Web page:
2023 Tarnished Plant Bug Management and Rainfastness

Whitney Crow, Extension Entomologist
By Whitney Crow, Extension Entomologist, Tyler Towles, Research Entomologist and Don Cook, Entomologist July 18, 2023 16:46

2023 Tarnished Plant Bug Management and Rainfastness

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As tarnished plant bug population begin increasing across the state. It is important to remember some of the best management practices.

  • Use diamond during late squaring and early flower when adults are migrating into cotton field.
    • The highest yield increases have been shown when making applications at this time period.
  • Minimize rank cotton and delayed maturity.
    • Control early season pest
    • Reduce nitrogen rates
    • Delay irrigation as long as possible
  • Use optimum application practices
    • Nozzle type
    • GPA
    • Timeliness
  • Rotate insecticides classes.
    • We generally see the highest efficacy associated with Transform, Acephate plus Bifenthrin, or Diamond tankmix applications.
  • Make sequential applications
    • Use shorten intervals in heavy pressure situations. Increased control is seen with sequential applications made within 4-5 days of the first application.
  • Stop making multiple applications late season targets at the top of the plant.
    • Based on previous research, we know that we can alter the plant bug threshold late in the season when control is often decreased. However, we are still working on wide scale validation.

Over the last few weeks, most of the state has received a rainfall every few days making pest managing more difficult. With that comes questions around insecticide rainfastness. Rainfastness is a complex topic because there are several factors that impact control other than time. Below are some points to be mindful of:

Amount of rain: Any rain can have a negative impact on insecticides, but more rain will have a greater impact than less rain.

Intensity of rain: We don’t have a lot of information on rainfall intensity, but we can reasonably assume that a hard and fast rain would have more of an impact than a slow steady rain.

Activity of insecticide: Contact versus systemic (moves into the plant). Systemic insecticides are generally more rainfast than contact insecticides, because they don’t wash off once they have moved into the plant. On average, it takes two to four hours for this movement to occur. Some contact insecticides may not have any rainfastness, which may not matter depending on the crop and target pest.

Target Insect: Feeding location is especially important with contact insecticides. For insects that are enclosed in a plant structure (bollworm) or mobile insects (tarnished plant bug) migrating into the field, residual control is going to be important. When trying to control such pests in high rain environments, a contact insecticide like a pyrethroid or organophosphate may not be the best option due to the high probability of wash off.  In other situations where the insect is exposed, a pyrethroid may serve as the best option because those insects will come into direct contact with a lethal dose almost immediately, providing control. After that point, wash off isn’t an issue.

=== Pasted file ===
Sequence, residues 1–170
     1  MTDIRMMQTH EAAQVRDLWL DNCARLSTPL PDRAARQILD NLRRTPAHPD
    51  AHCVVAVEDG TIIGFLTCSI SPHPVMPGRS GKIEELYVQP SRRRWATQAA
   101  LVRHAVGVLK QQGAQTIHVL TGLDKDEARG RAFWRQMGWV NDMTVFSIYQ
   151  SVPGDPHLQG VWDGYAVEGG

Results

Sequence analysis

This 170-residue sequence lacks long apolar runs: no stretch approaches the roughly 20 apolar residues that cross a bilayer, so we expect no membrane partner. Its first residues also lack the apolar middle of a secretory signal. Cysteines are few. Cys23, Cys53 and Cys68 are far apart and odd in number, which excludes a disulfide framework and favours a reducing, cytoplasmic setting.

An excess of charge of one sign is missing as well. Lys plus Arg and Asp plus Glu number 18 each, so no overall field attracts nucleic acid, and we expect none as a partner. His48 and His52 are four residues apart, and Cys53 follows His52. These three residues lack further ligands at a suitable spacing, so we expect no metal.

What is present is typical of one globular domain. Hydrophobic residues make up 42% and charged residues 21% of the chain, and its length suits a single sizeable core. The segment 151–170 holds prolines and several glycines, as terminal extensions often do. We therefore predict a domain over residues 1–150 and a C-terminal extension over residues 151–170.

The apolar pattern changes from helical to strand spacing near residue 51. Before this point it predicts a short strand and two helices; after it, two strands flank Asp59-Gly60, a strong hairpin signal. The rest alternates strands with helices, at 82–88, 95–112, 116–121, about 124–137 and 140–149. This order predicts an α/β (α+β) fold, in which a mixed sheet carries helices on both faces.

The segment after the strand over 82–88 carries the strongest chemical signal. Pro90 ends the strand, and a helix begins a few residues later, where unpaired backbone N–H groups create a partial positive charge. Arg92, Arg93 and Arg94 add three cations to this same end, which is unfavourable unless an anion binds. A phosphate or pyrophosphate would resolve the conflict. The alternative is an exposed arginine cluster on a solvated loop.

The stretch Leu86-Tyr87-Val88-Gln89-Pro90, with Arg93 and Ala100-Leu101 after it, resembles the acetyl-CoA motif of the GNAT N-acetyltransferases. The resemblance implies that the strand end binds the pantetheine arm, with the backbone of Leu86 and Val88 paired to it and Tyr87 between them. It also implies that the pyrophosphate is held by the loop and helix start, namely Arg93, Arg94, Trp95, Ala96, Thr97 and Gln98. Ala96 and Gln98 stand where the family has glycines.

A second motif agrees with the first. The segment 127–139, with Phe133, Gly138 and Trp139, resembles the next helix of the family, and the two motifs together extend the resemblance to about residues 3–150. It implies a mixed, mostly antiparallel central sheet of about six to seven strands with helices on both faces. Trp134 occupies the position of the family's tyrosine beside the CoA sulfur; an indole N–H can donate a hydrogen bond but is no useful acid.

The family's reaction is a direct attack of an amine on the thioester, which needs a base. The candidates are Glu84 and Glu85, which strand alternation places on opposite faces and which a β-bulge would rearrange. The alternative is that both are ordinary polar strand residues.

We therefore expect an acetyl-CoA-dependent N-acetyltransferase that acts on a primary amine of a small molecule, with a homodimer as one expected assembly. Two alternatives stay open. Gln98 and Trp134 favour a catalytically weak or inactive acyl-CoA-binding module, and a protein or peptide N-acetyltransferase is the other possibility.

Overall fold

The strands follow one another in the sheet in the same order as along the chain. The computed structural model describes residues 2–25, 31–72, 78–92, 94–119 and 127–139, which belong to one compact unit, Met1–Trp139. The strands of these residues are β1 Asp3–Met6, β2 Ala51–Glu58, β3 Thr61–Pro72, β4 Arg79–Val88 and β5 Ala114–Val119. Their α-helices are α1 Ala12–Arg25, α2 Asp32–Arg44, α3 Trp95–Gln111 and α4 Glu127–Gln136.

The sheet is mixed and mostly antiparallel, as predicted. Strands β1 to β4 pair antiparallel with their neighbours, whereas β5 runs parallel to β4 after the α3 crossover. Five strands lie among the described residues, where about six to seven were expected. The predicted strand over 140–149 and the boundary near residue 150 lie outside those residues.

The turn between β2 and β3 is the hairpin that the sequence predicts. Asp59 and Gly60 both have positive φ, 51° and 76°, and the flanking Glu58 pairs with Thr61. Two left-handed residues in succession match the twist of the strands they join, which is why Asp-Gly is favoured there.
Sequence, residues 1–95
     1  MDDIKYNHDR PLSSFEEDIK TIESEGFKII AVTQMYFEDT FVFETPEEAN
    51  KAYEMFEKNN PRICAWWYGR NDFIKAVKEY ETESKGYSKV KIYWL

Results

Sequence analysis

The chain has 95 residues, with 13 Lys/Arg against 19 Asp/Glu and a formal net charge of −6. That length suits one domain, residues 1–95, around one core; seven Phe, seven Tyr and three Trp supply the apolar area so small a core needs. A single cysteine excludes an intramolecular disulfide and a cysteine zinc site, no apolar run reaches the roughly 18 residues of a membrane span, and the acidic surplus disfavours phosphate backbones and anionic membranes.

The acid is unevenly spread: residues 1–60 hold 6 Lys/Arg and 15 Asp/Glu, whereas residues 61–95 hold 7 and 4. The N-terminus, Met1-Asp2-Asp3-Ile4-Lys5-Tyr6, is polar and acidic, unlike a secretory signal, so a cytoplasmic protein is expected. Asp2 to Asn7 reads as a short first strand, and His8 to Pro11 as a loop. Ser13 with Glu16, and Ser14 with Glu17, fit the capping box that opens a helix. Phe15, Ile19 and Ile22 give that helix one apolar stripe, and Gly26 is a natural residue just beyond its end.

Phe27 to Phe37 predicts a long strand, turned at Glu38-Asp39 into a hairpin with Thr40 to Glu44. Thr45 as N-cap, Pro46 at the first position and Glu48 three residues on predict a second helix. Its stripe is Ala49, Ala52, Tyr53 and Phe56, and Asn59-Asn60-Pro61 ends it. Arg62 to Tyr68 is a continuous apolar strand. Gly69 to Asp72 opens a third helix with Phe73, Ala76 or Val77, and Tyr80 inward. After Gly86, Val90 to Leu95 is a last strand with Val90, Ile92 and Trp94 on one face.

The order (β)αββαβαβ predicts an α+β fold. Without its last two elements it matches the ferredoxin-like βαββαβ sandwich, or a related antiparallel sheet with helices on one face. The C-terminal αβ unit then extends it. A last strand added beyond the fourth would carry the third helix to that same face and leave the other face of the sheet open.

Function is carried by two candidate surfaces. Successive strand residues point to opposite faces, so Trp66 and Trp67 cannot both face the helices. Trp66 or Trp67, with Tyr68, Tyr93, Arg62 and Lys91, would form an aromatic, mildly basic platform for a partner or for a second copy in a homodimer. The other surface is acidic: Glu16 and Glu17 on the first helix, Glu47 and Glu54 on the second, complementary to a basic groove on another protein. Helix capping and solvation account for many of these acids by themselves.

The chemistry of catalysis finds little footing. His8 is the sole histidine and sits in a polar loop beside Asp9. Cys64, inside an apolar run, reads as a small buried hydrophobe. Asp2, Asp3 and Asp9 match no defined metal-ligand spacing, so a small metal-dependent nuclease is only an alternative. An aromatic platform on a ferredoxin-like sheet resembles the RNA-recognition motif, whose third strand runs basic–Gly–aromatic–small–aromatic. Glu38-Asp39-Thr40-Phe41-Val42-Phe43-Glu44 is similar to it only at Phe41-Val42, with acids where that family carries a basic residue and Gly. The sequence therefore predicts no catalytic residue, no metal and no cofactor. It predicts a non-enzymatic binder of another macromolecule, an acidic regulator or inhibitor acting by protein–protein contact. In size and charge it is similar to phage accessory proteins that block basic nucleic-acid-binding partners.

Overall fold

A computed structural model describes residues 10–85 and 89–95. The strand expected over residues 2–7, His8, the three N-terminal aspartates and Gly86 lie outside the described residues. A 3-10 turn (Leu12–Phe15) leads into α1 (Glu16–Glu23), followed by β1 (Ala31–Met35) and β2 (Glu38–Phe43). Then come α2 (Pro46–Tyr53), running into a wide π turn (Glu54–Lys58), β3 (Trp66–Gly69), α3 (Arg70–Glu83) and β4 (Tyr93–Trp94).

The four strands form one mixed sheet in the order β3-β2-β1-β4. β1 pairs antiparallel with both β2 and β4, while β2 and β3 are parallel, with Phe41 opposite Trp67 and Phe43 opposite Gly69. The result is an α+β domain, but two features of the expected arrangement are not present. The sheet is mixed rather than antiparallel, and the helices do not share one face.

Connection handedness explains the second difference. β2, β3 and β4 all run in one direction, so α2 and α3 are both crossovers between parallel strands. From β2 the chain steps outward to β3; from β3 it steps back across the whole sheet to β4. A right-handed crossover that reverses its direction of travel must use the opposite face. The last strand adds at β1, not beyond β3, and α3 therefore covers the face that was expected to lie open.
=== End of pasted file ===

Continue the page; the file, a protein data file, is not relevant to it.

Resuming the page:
Insecticide Concentration in the plant: Insecticide concentration within the plant will be situational, depending on the insecticide. The figures below are from Ms. Sara Barrett’s M.S. research were the highest concentrations of insecticide for Centric and Transform were detected with the no rainfall event.  There is a general increase in insecticide concentration as the period between application and the rainfall event increased.

Unlike Centric and Transform where you see the gradual increase in insecticide concentration, Diamond seems to handle the early rainfall events better. With previous research, it is common to see more rainfastness with IGRs.

Tarnished Plant Bug Control: When evaluating TPB control 4 days after the Transform application, there is an increase in control as the time interval between application and rainfall event increases. Ideally, the longer the time between the application and the rain, the better.

General Guidelines: As a rule of thumb, effective insect control can be achieved if an application goes out between two and four hours before a rain. This does not mean that some control won’t be provided if a rainfall event occurs in less than two hours, but it is likely that retreatment will be necessary.  Remember a major exception to this rule is Orthene or any acephate based product. Acephate is by far the least effective insecticide when rain occurs and needs a minimum of 8 to 12 hours before rainfall.

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Whitney Crow, Extension Entomologist
By Whitney Crow, Extension Entomologist, Tyler Towles, Research Entomologist and Don Cook, Entomologist July 18, 2023 16:46
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